EU ministers demand Iran crash transparency at crisis talks

3 min

Brussels (AFP)

EU foreign ministers on Friday urged Iran not to conceal anything about the fatal crash of an airliner outside Tehran, as they met for crisis talks on tensions in the Middle East.

Europe has been scrambling to contain two Iranian crises this week -- the fallout from the US killing a top Iranian general in Baghdad and Tehran's latest step back from the crumbling 2015 nuclear deal.

But reports from several Western capitals indicating that the crash of a Ukrainian International Airlines Boeing 737 -- which killed 176 people -- appeared to have been caused by an Iranian air defence missile prompted calls for clarity from Tehran.

"This is more than tragic... the important thing now is that everything is completely investigated," said German Foreign Minister Heiko Maas as he arrived for the talks.

"Nothing must be swept under the table, because if that were the case, it would be the breeding ground for new mistrust."

His Dutch counterpart Stef Blok echoed his call, saying it was "very likely" an Iranian missile brought the plane down.

NATO Secretary General Jens Stoltenberg added his voice to the calls for transparency and said he had "no reason to not believe" alliance members Britain and Canada when they blamed a missile for the crash.

Friday's highly unusual emergency meeting was called in response to soaring tensions following the killing of Iranian general Qasem Soleimani in an American drone strike.

Also Friday, Ukrainian Foreign Minister Vadym Prystaik told a Kiev briefing that a team of his country's experts had been given access to the plane's black box flight recorders and were receiving "full cooperation" from the Iranian authorities.

"Our team has now got access to the black boxes," Prystaiko said, adding they had also been given access to the plane's fragments and the crash site.

Fears of all-out war have subsided since US President Donald Trump made a statement on Wednesday saying Tehran appeared to be "standing down" after firing missiles -- without causing casualties -- at US troops based in Iraq.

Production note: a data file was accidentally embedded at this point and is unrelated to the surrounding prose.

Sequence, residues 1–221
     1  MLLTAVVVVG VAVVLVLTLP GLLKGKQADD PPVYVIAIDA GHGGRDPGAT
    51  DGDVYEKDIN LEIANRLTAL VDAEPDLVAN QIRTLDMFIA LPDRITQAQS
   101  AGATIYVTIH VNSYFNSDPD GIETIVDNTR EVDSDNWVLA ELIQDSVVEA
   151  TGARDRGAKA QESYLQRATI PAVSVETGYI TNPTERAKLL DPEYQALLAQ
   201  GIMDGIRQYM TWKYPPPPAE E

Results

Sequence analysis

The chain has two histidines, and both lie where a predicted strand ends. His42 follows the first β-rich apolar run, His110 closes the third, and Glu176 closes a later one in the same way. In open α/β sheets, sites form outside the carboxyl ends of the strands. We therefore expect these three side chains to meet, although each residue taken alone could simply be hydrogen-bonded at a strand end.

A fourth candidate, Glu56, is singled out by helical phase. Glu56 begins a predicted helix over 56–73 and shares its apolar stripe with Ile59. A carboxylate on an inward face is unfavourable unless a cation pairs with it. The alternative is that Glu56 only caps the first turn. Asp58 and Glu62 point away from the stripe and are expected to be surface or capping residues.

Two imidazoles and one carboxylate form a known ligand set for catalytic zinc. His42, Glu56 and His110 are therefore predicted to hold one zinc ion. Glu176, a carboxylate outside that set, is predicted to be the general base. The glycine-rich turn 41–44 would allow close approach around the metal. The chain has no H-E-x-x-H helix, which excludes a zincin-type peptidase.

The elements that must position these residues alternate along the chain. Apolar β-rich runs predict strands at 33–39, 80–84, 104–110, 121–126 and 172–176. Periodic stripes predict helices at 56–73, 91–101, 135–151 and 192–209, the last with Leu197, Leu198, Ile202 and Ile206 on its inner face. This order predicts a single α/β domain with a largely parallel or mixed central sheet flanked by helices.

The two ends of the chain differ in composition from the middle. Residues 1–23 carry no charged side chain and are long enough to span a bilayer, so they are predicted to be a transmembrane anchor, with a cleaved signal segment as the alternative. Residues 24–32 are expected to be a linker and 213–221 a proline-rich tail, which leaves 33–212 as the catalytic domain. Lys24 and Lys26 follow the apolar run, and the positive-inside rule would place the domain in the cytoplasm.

- Iran bomb warning -

But the Iran nuclear deal, which gave Tehran sanctions relief in return for curbing its atomic programme, remains in mortal danger, gravely undermined by Trump's unilateral withdrawal in 2018 and Iran's subsequent winding down of its compliance.

Several ministers restated the EU's continuing determination to preserve the deal, which they say is vital for non-proliferation and regional security -- spurning Trump's call this week for Europe to quit.

But Lithuania's Linas Linkevicius said that without some substantial change, "it will be difficult to believe that this agreement could be alive".

France and Germany have been warning that unless Iran returns to full compliance with the terms of the deal, they may trigger its dispute resolution mechanism, a process that could ultimately end up with UN sanctions being reimposed on Tehran.

No decision is expected on this at Friday's meeting -- not least because Europeans want to wait for UN inspectors to report on what Iran is doing on the ground following its latest announcement.

But French Foreign Minister Jean-Yves Le Drian warned that without action, Iran could soon be in a position to develop the bomb.

"If they continue to unravel the Vienna accord then yes in quite a short period, between one and two years, they could have a nuclear weapon, which is unimagineable," he told France's RTL radio on Friday morning.

The three European parties to the pact -- Britain, France and Germany -- have all stressed their commitment to saving it, in defiance of Trump.

European powers fear the ongoing chaos in Libya could lead to a fresh wave of migrants trying to cross the Mediterranean, or allow the Islamic State group to gain a foothold to launch attacks.

An EU diplomat said the ministers gave unanimous backing to a planned international conference in Berlin, with Germany delegated to represent the bloc as a whole.